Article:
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MSIMAMO French League 1 2023/2024

Filed in Michezo by on 10/02/2024 0 Comments

MSIMAMO French League 1 2023/2024

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MSIMAMO French League 1 2023/2024

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Ligue 1 officially known as Ligue 1 Uber Eats for sponsorship reasons, is a French professional league for men’s association football clubs. Being the top of the French football league system, it is the country’s primary football competition.

Administered by the Ligue de Football Professionnel, Ligue 1 is contested by 18 clubs (as of the 2023–24 season) and operates on a system of promotion and relegation from and to Ligue 2.

MSIMAMO French League 1 2023/2024

Ligue 1
Organising body Ligue de Football Professionnel (LFP)
Founded 1930; 94 years ago (officially)
2002; 22 years ago (as Ligue 1)
Country  France (17 teams)
Other club(s) from  Monaco (1 team)
Confederation UEFA
Number of teams 18 (since 2023–24)
Level on pyramid 1
Relegation to Ligue 2
Domestic cup(s) Coupe de France
Trophée des Champions
International cup(s)
  • UEFA Champions League
  • UEFA Europa League
  • UEFA Conference League
Current champions Paris Saint-Germain (11th title)
(2022–23)
Most championships Paris Saint-Germain (11 titles)
Most appearances Mickaël Landreau (618)
Top goalscorer Delio Onnis (299)

Seasons run from August to May. Clubs play two matches against each of the other teams in the league – one home and one away – totalling to 34 matches over the course of the season. Most games are played on Saturdays and Sundays, with a few games played during weekday evenings.

Play is regularly suspended the last weekend before Christmas for two weeks before returning in the second week of January. As of 2021, Ligue 1 is one of the top national leagues, ranked fifth in Europe, behind England’s Premier League, Spain’s La Liga, Italy’s Serie A and Germany’s Bundesliga.

Ligue 1 was inaugurated on 11 September 1932 under the name National before switching to Division 1 after a year of existence. It continued to operate under that name until 2002, when it adopted its current name.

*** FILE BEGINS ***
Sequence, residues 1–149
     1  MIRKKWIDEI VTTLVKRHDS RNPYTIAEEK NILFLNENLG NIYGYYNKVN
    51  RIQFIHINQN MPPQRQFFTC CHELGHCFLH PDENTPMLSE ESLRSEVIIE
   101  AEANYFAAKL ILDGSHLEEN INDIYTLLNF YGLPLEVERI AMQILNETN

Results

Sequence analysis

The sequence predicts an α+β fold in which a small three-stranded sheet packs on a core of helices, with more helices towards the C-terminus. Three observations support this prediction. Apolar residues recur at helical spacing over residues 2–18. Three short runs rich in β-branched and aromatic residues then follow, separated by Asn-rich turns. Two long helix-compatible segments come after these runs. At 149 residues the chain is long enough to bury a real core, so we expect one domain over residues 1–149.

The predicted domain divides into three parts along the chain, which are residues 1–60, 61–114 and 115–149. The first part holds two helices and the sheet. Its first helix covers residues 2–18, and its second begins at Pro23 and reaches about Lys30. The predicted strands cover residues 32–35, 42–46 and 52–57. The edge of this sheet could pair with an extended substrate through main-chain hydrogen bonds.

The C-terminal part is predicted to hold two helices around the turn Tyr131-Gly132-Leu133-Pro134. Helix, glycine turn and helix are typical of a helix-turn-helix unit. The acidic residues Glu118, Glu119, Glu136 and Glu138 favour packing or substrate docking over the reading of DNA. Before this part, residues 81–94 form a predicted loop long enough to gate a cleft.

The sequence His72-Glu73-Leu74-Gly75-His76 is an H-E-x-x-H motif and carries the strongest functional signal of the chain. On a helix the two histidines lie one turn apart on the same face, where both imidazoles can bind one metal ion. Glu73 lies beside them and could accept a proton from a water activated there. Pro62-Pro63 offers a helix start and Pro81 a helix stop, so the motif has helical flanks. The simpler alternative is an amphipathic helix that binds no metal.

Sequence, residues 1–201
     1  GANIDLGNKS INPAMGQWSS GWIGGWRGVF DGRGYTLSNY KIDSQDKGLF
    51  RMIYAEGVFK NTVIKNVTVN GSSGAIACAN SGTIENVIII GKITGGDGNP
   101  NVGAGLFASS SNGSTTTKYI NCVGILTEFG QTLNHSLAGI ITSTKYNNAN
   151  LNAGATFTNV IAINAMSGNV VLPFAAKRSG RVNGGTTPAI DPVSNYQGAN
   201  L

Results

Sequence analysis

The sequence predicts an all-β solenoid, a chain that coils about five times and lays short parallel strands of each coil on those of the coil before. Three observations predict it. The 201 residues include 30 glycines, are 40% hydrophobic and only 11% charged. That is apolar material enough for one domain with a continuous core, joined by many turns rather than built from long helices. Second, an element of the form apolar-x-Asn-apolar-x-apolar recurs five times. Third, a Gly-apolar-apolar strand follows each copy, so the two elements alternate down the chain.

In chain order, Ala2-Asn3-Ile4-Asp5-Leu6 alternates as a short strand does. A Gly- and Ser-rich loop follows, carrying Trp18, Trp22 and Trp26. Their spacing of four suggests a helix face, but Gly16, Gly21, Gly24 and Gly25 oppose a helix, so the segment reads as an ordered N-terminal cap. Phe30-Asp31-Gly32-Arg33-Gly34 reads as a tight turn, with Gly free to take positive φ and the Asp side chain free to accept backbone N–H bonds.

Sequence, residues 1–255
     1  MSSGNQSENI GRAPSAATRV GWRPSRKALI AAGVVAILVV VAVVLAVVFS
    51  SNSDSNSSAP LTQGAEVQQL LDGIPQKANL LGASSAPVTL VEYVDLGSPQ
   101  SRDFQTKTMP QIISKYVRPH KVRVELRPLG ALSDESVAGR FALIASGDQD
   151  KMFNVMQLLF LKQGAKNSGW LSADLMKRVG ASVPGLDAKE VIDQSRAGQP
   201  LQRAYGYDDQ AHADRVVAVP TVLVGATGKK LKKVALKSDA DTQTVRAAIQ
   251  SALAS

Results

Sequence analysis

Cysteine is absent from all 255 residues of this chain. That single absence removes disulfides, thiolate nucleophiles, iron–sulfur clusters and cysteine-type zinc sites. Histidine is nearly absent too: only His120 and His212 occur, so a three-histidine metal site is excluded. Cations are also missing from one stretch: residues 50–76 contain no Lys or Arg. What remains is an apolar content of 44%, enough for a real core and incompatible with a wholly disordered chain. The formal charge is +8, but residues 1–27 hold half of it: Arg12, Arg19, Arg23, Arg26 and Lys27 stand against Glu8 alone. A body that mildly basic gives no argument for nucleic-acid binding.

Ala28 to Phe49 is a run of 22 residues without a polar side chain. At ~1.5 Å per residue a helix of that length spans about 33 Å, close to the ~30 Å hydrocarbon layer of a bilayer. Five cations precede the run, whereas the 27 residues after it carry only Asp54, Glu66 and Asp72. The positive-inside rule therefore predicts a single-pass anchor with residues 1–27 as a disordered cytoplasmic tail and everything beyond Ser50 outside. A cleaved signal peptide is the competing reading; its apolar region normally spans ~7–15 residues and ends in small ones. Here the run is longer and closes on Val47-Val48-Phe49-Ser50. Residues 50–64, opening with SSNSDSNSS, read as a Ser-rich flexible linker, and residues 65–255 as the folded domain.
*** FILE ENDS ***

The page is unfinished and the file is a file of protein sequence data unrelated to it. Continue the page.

Paris Saint-Germain are the most successful clubs with eleven league titles, while Lyon is the club that has won the most consecutive titles (seven between 2002 and 2008). Saint-Étienne was the first club with ten titles. With the presence of 71 seasons in Ligue 1, Marseille holds the record for most seasons among the elite, while Paris Saint-Germain hold the league record for longevity with 47 consecutive seasons (from 1974 to present).

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MSIMAMO French League 1 2023/2024

Nantes is the team with the longest consecutive unbeaten streak (32 matches) and the fewest number of defeats (one match) in a single season, doing so in the 1994–95 campaign. In addition, Nantes also holds the record for the longest time without losing at home, with a run of 92 matches from May 1976 to April 1981.

The current champions are Paris Saint-Germain, who won a record eleventh title in the 2022–23 season. The league has been won on multiple occasions by foreign-based club AS Monaco, the presence of which within the league makes it a cross-border competition.

Ahead of the 2023–24 season, the number of teams in the league will be reduced to 18; four teams in the 2022–23 Ligue 1 will be relegated to Ligue 2 and only two teams in Ligue 2 will be promoted to Ligue 1.

Professionalism in French football did not exist until July 1930, when the National Council of the French Football Federation voted 128–20 in favour of its adoption. The founders of professionalism in French football are Georges Bayrou, Emmanuel Gambardella, and Gabriel Hanot. Professionalism was officially implemented in 1932.

In order to successfully create a professional football league in the country, the Federation limited the league to twenty clubs. In order to participate in the competition, clubs were subjected to three important criteria: